Lead foot rotation

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Lead foot rotation

Postby anubis080 » Mon Mar 07, 2011 9:28 am

I have a feeling I could be robbing my distance after seeing a lot of videos of pros. I rotate on my toes, not on my heel. I believe that rotating on the heel could open up the hips a lot faster and get that extra torque on the throw. Anyone care to shed some light on this?
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Re: Lead foot rotation

Postby CatPredator » Mon Mar 07, 2011 9:38 am

It has more to do with weight shift and which muscles you use in your legs to support yourself. If you're on your toes you may be leaning forward or sideways in a weird way and have your center of gravity up high. If you're back on your heels, it's easier to feel your connection with the ground and be more centered, with a lower center of gravity down in your hips/core to drive the shot.

That being said, rotating on the toes isn't fundamentally bad or anything. Totally possible to have great form and rotate on the toe, but it tears shoes up really fast. I had a problem with that for a while, heh...my advice is work on the weight shift.

GG gives a little tip that sort of explains it at 2:50:

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Re: Lead foot rotation

Postby Blake_T » Mon Mar 07, 2011 7:15 pm

what kind of distances are you referring to?

people can go 450'+ with either method. if you don't have good snap timing changing your pivot to heel or toe won't magically grant that.

90% of the time people pivot too early regardless of heel vs. toe pivot.

there's different schools of thought on the subject.

heel gets more "brute force" involved. (think Mo Vaughn's baseball swing) heel pivoting requires immense trust in your footing but lets you dig harder.

toe is potentially more athletic. (think Ken Griffey Jr's baseball swing) look at martial artists that use conservation of momentum and count how many of them pivot on their heel during most actions involving rotation pivots (not counting capoeira this will probably fall between 0 and 1 :P)
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Re: Lead foot rotation

Postby anubis080 » Mon Mar 07, 2011 11:45 pm

Blake_T wrote:what kind of distances are you referring to?

people can go 450'+ with either method. if you don't have good snap timing changing your pivot to heel or toe won't magically grant that.

90% of the time people pivot too early regardless of heel vs. toe pivot.

there's different schools of thought on the subject.

heel gets more "brute force" involved. (think Mo Vaughn's baseball swing) heel pivoting requires immense trust in your footing but lets you dig harder.

toe is potentially more athletic. (think Ken Griffey Jr's baseball swing) look at martial artists that use conservation of momentum and count how many of them pivot on their heel during most actions involving rotation pivots (not counting capoeira this will probably fall between 0 and 1 :P)


I was thinking that the heel would create more "brute force" as well, leading to an increased acceleration. By pivoting too early, do you mean people open their shoulders prematurely?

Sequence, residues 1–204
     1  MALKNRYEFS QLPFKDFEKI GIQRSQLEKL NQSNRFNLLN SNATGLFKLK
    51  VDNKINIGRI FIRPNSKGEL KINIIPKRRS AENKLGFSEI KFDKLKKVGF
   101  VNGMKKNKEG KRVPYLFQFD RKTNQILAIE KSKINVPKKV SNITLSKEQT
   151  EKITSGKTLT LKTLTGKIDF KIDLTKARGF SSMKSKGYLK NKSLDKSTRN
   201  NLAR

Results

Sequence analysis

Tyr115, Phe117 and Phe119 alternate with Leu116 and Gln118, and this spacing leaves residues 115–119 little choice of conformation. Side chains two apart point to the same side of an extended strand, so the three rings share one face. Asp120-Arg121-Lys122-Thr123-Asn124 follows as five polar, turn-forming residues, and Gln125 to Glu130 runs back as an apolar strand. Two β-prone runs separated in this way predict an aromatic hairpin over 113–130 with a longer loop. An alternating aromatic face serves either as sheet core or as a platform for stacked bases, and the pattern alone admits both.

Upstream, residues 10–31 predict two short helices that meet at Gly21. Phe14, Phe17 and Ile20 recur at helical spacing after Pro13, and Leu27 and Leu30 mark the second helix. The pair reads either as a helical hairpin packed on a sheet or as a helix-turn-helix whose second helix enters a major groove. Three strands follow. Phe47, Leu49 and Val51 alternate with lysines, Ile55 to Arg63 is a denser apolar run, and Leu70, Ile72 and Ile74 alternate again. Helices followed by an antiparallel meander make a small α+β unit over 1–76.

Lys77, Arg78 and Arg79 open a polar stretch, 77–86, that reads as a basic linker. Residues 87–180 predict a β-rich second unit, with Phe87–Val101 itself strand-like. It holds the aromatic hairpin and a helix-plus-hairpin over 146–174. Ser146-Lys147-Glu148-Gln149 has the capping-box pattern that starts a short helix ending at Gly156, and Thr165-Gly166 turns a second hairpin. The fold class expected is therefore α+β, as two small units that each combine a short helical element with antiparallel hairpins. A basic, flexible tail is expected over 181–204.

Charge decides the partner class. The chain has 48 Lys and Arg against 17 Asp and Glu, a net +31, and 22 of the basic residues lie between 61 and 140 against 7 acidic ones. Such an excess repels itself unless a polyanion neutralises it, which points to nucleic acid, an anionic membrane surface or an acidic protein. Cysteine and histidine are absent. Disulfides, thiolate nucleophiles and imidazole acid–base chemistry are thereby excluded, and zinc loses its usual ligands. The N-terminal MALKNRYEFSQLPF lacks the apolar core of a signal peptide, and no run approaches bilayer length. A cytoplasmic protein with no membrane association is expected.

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Re: Lead foot rotation

Postby Blake_T » Tue Mar 08, 2011 1:28 am

the pivot happens within a fraction of a second of the disc leaving.

basically, it's during the later part of the "out motion" of the wrist. if you look at a baseball swing, the big heel dig doesn't happen until they are "driving" the ball, which happens after the point of contact.

i was a bit wrong to say that 90% of players pivot early, it would be more correctly stated that 90% of players gain nothing from their pivot aside from knee strain relief.

if people try to concentrate on pivoting they usually pivot early. if people don't have good timing and don't force a pivot, they pivot late (after their arm is pointing 90 degrees to the right of the target).

when it really comes down to it, the style of pivot is of lesser importance, especially if you don't have timing nailed down. e.g. if you throw 370' with a toe pivot and you spend the time to convert to a heel pivot, you will still be throwing around 370' unless something else undergoes a major change too. so if you were to jump from like 370' to... 380'... that's not the striking result you are probably hoping for.

for someone with good timing, a heel pivot may yield the difference between say, 480' and 500-510', but at that point, i doubt i'd recommend it to anyone. at that point you're still dealing with percentage gains under 10%.

there are also hybrid methods of pivot that involve setting on the heel but still pivoting on the ball of the foot.
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Re: Lead foot rotation

Postby anubis080 » Wed Mar 09, 2011 7:49 pm

I'll focus on my hit point first then :wink: Trying to work on not dropping my arm

From what you are talking about with the pivot timing, is it supposed to be like this? :

http://www.youtube.com/watch?v=XHSZyYAV ... rn-1r-1-HM


I see him plant, plant, plant, then right before the disc rips, the pivot strikes.
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